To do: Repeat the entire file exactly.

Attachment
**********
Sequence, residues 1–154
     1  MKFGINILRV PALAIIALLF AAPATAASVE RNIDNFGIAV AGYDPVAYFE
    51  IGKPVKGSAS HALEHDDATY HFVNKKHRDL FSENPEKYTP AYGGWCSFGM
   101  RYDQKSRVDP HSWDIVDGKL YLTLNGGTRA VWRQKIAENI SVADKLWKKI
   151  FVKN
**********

Sequence, residues 1–154
     1  MKFGINILRV PALAIIALLF AAPATAASVE RNIDNFGIAV AGYDPVAYFE
    51  IGKPVKGSAS HALEHDDATY HFVNKKHRDL FSENPEKYTP AYGGWCSFGM
   101  RYDQKSRVDP HSWDIVDGKL YLTLNGGTRA VWRQKIAENI SVADKLWKKI
   151  FVKN